In addition, in keeping with a request by the police, the IDSF are helping to recruit volunteers: “We’ve already passed 1,000 volunteers who contacted us”, Ronit tells us with satisfaction.

Other activities operated by the movement are related to the soldiers’ morale: “We received a request from the army asking us to give the soldiers copies of the book Amir Avivi recently published, ‘No Turning Back – How to Ensure Israel’s Security for Generations’, so we’ve donated thousands of copies to the army.”


In order to manage contact with donors from overseas, Ronit holds daily conversations with hundreds of movement members there. “Senior members of the movement send updates about what’s going on in Israel to donors and members, and we get them together with soldiers on the ground, so they can feel the power and the resilience”.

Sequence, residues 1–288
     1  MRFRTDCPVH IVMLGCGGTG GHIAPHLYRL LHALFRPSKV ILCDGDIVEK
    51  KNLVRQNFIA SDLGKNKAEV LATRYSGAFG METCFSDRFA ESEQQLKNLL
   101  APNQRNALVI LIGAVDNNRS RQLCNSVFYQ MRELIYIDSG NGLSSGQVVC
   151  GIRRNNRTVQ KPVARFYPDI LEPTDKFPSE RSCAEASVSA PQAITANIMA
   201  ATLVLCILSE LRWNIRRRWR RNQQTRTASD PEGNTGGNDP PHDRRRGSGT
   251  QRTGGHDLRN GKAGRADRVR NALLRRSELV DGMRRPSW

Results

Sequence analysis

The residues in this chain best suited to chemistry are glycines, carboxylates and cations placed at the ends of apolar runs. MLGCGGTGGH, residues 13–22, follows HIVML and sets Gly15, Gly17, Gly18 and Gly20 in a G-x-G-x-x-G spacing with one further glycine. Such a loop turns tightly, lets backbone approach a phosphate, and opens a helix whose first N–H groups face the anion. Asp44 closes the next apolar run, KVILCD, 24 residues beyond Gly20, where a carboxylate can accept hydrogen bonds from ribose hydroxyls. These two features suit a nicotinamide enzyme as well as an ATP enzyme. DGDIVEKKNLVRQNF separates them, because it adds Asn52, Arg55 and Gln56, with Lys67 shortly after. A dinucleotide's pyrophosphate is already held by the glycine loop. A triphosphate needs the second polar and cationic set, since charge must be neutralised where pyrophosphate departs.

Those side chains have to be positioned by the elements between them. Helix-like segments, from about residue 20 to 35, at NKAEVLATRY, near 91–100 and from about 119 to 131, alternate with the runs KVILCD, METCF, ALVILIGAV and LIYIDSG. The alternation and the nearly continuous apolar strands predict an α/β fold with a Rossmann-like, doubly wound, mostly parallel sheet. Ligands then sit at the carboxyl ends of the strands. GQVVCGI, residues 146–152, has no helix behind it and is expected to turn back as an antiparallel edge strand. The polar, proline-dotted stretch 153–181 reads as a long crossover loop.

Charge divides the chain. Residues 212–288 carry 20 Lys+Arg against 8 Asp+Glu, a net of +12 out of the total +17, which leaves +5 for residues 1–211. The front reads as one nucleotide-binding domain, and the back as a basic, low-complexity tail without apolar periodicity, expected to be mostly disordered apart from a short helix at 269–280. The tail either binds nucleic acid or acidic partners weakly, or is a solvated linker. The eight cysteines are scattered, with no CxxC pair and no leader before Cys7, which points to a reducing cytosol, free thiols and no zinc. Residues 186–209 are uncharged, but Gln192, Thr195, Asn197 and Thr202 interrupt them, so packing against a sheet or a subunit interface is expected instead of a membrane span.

This activity is also what gives Ronit a sense of optimism. Faced with a sense of helplessness, the fears of the residents of the Gaza Envelope and the overwhelming grief, Ronit is amazed by the way the Israeli public has pulled together as well as by the support of Jews from all over the world. “Donors asked me, how can it be that in times like this we manage to smile. In the end, what keeps the smile on our faces is seeing that we really can rely on one another. It gives us strength and motivates us. I have one donor from overseas, a 70 year old, who wanted to come to Israel to help out, and complained that no one wanted to take responsibility for him”, she laughs. “People’s desire to come and help is truly heartwarming”.